Co-management : kanohi ki te kanohi : options for Egmont National Park : a thesis presented in part fulfilment of the requirements for the degree of Master of Resource and Environmental Planning, Massey University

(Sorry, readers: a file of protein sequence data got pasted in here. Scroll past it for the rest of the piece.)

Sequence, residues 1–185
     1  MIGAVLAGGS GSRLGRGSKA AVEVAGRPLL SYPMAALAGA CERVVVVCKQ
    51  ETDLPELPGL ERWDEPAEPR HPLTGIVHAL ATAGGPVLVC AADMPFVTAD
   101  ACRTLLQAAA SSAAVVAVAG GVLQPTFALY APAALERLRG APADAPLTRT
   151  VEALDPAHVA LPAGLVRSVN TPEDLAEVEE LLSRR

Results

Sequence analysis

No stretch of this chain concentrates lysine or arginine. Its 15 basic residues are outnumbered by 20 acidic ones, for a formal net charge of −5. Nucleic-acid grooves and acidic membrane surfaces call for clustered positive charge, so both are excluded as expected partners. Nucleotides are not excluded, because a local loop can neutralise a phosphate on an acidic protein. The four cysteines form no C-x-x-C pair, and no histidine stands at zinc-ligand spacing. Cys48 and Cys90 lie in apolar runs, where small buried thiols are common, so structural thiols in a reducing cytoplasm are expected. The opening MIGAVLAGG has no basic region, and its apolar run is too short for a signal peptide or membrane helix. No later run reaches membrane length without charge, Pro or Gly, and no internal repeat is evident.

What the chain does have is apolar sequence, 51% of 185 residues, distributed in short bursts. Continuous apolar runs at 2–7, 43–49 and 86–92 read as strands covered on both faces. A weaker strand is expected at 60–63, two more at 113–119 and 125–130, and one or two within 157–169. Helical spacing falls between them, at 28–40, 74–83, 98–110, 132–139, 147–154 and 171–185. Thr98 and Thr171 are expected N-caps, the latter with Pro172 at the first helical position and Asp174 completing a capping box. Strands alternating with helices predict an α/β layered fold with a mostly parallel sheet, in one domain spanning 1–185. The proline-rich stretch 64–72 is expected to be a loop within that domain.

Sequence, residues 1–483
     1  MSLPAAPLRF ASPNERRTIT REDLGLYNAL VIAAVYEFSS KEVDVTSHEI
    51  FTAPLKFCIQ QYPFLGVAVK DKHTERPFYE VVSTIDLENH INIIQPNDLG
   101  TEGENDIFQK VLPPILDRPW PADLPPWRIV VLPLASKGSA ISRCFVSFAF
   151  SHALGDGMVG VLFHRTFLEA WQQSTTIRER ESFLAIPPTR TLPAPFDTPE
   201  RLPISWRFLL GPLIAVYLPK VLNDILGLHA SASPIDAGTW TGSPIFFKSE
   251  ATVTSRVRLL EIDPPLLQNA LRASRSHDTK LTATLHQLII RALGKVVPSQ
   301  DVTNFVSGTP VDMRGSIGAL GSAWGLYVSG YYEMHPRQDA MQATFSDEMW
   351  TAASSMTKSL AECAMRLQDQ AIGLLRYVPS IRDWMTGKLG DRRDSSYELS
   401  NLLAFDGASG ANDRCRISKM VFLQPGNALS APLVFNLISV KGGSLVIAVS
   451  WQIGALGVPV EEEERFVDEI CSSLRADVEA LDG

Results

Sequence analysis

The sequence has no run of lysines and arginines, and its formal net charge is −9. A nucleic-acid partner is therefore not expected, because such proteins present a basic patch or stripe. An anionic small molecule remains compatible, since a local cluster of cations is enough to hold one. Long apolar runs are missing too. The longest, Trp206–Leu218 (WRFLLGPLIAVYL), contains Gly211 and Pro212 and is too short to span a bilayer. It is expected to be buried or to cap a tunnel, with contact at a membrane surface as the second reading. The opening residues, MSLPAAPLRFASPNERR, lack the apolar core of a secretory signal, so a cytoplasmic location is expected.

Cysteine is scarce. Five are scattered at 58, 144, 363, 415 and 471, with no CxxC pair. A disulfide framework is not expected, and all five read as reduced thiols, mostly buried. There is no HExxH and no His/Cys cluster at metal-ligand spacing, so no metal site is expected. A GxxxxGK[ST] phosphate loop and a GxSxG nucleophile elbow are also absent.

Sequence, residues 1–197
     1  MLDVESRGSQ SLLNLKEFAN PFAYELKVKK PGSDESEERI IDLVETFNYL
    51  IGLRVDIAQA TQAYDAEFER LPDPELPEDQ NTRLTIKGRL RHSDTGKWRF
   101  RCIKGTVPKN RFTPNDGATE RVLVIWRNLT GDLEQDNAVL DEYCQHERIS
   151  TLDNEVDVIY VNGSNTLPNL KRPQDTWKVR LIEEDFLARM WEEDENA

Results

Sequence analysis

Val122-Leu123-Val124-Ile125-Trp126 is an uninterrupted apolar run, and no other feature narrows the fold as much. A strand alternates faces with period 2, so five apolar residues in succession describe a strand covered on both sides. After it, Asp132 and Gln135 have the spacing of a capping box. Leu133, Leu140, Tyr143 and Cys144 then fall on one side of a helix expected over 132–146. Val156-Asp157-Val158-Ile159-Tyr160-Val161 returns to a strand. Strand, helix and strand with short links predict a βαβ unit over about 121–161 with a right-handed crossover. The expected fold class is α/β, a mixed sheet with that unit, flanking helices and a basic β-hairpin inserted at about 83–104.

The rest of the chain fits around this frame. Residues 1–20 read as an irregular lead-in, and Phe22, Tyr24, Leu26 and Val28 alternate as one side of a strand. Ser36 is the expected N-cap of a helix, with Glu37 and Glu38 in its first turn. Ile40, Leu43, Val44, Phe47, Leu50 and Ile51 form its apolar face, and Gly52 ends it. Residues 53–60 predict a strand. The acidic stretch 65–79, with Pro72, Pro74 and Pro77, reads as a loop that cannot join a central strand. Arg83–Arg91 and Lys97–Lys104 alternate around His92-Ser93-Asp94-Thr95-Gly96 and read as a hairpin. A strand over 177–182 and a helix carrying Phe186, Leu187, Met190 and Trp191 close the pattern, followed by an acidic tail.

Egmont National Park is a very special place for those who live near or around the park. Many people, Maori and European, openly acknowledge a spiritual relationship with the mountain. Its importance cannot be underestimated. The functioning of the park ecosystem is increasingly being placed under pressure from various threats. The management of these threats is being strained due to insufficient resources from the Department of Conservation. The complexity of these threats means there is a need to look at new and innovative solutions for park management. In order to achieve the conservation outcomes the local, regional and national communities of interest seek for Egmont National Park, there is a need to examine management arrangements. One significant outcome of such an examination is the desire for these communities to be more closely involved in park management. The Department of Conservation must begin to form such partnerships with Maori. Traditional Maori knowledge can be utilised in conjunction with western knowledge, in order to provide the best management for the park. Consideration is given in this thesis to empowering these local communities so that they can be involved in park management. While a range of conflicts and differences within communities in Taranaki exist, there are a number of common threads. The concept of establishing consensus and co-operation to work towards a common goal is therefore by no means impossible or futuristic. This concept is termed co-management. This thesis develops options for co-management in Egmont National Park. Developing a co-management agreement within the New Zealand context of enormous conservation threats, high interest in recreation, public access and ownership issues, means these processes must be based on a series of common principles. Therefore, this thesis builds on elements of the theory and application of co-management from overseas experience and literature and the broader New Zealand context for conservation planning. A range of principles for co-management are presented and used to develop structures and processes to enable co-management in Egmont National Park.